Here’s the gear you need to build your own media archiving solution.
A few days ago I wrote about my frustrations in finding archiving solutions. The next day, I had a long phone conversation with the executive team at Cache-A plus a long email from HP.
I’ve become increasingly concerned as I talk with producers, editors, and vendors that we are rapidly moving into a tapeless environment without any realistically priced options for long-term media archiving.
I am advocating LTO-5 tape drives for archive and backup of our Final Cut Pro media. However, I still have not gotten this unit to work on my MacPro.
Although there’s no universal answer for this question, in this article we look at what RAID system or otherwise, that I personally recommend using for various types of video editing.
Here’s a product review of the iStoragePro; a RAID with a rocket attached to it.
As we move from the world of standard-definition to high-def video, understanding hard disk speeds and the data requirements of video formats can prevent a lot of problems. During my recent seminars, I spent a lot of time explaining hard drive speeds and video format requirements. This is a summary of what techniques I talked about.
XDCAM is generating a lot of interest for its high-def quality and small size. This discussion began with a question about using it for archiving – which spawned a lot of additonal thoughts.
Recent versions of Western Digital Hard Drives have had interface issues with Mac systems. This reader-submitted article describes the problem and a solution.
This article grew out of newsletter discussions over the last few months and features thoughts from experienced tape editors.
As our industry moves quickly to tapeless media and acquisition, properly archiving your footage can make the difference between happiness and heart-ache. In this article, I outline what you need to know about archive formats.
It’s frustrating! You buy a hard disk only to discover you can’t move your data from one drive to the next. Here’s a personal case story, along with options on how to fix this problem.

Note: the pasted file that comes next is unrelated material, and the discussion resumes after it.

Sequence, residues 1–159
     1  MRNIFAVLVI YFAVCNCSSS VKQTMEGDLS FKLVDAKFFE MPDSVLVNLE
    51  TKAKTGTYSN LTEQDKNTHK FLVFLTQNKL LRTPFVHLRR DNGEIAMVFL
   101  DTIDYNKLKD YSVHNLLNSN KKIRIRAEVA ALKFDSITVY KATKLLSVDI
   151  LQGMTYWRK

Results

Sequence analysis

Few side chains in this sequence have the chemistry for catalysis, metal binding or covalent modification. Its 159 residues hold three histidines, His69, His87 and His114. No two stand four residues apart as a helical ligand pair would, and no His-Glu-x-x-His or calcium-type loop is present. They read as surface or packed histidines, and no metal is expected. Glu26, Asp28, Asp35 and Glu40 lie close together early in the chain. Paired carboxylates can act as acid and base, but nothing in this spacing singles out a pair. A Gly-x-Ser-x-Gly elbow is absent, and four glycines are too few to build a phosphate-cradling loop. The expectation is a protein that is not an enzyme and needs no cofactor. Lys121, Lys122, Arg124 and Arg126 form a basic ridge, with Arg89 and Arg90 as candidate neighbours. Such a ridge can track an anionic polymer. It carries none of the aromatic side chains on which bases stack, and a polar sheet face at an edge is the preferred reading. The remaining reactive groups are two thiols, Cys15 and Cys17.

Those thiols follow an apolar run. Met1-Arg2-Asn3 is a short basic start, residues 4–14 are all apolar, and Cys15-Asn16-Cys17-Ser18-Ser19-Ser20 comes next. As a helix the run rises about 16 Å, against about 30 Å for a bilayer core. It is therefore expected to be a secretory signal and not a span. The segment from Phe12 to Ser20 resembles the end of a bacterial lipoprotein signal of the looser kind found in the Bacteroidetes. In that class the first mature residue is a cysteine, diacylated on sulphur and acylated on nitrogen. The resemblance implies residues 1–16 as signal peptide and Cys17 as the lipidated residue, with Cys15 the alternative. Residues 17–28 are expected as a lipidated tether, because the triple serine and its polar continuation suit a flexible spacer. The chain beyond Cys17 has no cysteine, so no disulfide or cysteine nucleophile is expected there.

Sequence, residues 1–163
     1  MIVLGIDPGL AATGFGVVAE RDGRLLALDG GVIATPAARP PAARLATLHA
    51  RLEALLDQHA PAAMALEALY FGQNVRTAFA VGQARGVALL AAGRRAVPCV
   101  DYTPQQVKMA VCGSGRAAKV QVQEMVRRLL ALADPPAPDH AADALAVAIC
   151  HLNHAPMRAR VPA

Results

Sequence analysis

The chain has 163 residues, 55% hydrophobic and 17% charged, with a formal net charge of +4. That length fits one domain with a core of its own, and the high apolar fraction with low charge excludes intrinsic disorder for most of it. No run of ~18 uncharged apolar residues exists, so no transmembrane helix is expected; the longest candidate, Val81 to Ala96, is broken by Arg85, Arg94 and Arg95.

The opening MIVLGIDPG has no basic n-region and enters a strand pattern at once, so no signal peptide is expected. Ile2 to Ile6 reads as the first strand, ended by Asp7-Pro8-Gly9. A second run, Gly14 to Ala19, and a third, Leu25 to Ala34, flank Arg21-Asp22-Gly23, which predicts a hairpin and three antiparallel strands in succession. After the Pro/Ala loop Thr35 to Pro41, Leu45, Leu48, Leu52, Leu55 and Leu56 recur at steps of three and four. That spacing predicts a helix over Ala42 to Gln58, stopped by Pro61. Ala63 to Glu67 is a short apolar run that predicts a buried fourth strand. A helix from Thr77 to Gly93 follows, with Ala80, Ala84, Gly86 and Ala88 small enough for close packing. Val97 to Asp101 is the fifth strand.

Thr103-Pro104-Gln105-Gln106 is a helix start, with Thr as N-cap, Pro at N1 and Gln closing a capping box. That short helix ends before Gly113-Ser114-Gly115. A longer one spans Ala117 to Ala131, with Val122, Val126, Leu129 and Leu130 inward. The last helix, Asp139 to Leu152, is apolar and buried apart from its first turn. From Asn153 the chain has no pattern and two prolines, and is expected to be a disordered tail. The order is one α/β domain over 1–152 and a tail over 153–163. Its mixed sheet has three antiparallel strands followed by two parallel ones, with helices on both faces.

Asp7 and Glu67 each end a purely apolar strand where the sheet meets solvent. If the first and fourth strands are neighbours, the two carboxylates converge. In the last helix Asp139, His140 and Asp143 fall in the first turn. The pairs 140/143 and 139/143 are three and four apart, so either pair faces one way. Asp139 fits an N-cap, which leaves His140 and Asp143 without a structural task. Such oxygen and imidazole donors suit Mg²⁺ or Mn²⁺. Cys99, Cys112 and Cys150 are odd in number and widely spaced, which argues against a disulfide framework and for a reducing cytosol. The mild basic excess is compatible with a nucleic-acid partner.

Where to store files is always a question. This short tip helps you determine where to store your media and project files for DVD Studio Pro.
When you are working with tapeless media during production, and recording to cards, the basic workflow is to copy the card to your hard disk then ERASE THE CARD! (Sorry, I come from a tape background and that word “erase” is just plain scary…) So, it makes sense that when copying the card to your hard disk you take every precaution to do so safely. Here’s a review of a product that can help: Imagine Products’ Shotput Pro.
Editing is all about storage. Successful editing requires storage that is big enough and fast enough to keep up with your work. One company that specializes in meeting the needs of video editors is Dulce Systems. Here’s a look at the new RAID, the Pro Q.
Data Robotics makes a family of RAID products that can be very useful in a video capture and editing environment. This is a review of their latest unit – the Drobo S – which directly attaches to the computer via FireWire. I find these units to be especially useful on set when shooting tapeless media.
The Drobo line of storage products offers a lot for video and audio editors. Their newest product – the Drobo FS – doesn’t help editors, but it CAN help around the office, as this detailed review explains.
Data Robotics released a new storage unit: the Drobo Elite. In this detailed product review, we examine how it works, how well it works, how fast it works, and what its limitations are.